Everyone reacts differently to stressful situations such as an infectious disease outbreak that requires social distancing, quarantine, or isolation.
People may feel:
• Anxiety, worry, or fear related to:
• Time taken off from work and the potential loss of income and job security.
• The challenges of securing things you need, such as groceries and personal care items.
• Concern about being able to effectively care for children or others in your care
• Uncertainty or frustration about how long you will need to remain in this situation, and uncertainty about the future.
• Loneliness associated with feeling cut off from the world and from loved ones.
• Anger if you think you were exposed to the disease because of others’ negligence.
• Boredom and frustration because you may not be able to work or engage in regular day-to-day activities
• Your own and the health status of others whom you may have exposed to the disease
• The resentment that your friends and family may feel if they need to go into quarantine as a result of contact with you
• Uncertainty or ambivalence about the situation
• A desire to use alcohol or drugs to cope
• Symptoms of depression, such as feelings of hopelessness, changes in appetite, or sleeping too little or too much
• Symptoms of post-traumatic stress disorder (PTSD), such as intrusive distressing memories, flashbacks (reliving the event), nightmares, changes in thoughts and mood, and being easily startled.
Ways To Support Yourself
UNDERSTAND THE RISK
Consider the real risk of harm to yourself and others around you. The public perception of risk during a situation such as this is often inaccurate. Media coverage may create the impression that people are in immediate danger when really the risk for infection may be very low. Take steps to get the facts:
• Stay up to date on what is happening, while limiting your media exposure. Avoid watching or listening to news reports 24/7 since this tends to increase anxiety and worry. Remember that children are especially affected by what they hear and see on television.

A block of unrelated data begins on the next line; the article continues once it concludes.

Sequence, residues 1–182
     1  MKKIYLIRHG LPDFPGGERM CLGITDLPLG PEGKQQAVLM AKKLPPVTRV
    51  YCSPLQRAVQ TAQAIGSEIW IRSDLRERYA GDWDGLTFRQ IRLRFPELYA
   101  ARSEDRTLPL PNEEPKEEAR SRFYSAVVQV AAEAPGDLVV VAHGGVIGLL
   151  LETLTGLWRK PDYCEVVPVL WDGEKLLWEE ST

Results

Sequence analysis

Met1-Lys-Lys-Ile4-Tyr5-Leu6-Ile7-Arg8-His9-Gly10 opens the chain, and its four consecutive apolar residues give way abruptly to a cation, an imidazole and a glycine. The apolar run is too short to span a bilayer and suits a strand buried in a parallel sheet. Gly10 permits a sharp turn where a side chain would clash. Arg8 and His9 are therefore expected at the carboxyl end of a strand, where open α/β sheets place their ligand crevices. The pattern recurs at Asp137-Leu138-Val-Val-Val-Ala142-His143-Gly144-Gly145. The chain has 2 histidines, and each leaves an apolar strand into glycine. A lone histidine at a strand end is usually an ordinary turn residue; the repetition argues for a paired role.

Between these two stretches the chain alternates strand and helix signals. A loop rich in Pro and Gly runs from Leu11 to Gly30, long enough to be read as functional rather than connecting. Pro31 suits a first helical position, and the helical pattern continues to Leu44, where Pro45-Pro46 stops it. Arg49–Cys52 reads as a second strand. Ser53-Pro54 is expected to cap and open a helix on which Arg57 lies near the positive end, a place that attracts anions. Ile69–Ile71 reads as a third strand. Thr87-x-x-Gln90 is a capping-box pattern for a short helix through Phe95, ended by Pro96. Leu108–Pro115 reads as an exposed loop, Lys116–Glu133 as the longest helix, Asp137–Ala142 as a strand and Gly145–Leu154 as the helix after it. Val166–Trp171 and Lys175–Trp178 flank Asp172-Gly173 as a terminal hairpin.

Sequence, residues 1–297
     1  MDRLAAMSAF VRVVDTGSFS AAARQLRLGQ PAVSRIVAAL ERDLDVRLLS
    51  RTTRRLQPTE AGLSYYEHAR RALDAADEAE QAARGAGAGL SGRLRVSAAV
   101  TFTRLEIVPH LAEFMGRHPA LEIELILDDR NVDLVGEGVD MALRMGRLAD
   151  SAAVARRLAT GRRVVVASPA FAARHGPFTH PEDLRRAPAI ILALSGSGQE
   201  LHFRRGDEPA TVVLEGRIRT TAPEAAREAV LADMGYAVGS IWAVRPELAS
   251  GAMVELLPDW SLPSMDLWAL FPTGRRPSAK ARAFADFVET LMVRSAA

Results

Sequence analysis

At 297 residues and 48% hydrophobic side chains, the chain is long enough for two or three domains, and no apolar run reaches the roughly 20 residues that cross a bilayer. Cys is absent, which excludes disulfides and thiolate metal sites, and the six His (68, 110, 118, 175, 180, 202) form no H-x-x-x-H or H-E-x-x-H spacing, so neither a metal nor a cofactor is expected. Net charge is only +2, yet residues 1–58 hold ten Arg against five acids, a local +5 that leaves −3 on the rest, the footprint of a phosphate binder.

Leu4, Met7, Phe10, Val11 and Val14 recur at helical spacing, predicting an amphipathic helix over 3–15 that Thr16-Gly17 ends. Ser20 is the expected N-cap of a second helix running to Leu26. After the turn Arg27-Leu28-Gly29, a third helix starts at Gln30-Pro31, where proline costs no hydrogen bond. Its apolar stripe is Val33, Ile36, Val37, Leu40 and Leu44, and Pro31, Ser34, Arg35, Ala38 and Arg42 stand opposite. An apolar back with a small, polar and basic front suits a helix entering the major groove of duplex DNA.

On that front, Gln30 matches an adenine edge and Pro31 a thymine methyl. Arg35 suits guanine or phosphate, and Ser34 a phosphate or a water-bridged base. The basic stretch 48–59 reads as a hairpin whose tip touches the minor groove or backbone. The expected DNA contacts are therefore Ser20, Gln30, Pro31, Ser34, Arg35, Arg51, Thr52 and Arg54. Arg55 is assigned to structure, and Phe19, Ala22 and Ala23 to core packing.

• Look to credible sources for information on the infectious disease outbreak
Health care providers and health authorities should provide information on the disease, its diagnosis, and treatment.
• Do not be afraid to ask questions clear communication with a health care provider may help reduce any distress associated with social distancing, quarantine, or isolation.
USE PRACTICAL WAYS TO COPE AND RELAX
• Relax your body often by doing things that work for you-take deep breaths, stretch, meditate or pray, or engage in activities you enjoy.
• Pace yourself between stressful activities, and do something fun after a hard task.
• Talk about your experiences and feelings to loved ones and friends, if you find it helpful.
• Maintain a sense of hope and positive thinking; consider keeping a journal where
you write down things you are grateful for or that are going well.
CONNECT WITH OTHERS
Reaching out to people you trust is one of the best ways to reduce anxiety, depression, loneliness, and boredom during social distancing, quarantine, and isolation. You can:
• Use the telephone, email, text messaging, and social media to connect with friends, family, and others.
• Talk “face to face” with friends and loved ones using Skype or FaceTime.
• Use the Internet, radio, and television to keep up with local, national, and world
If you need to connect with someone because of an ongoing psychological problem, contact us at: firstname.lastname@example.org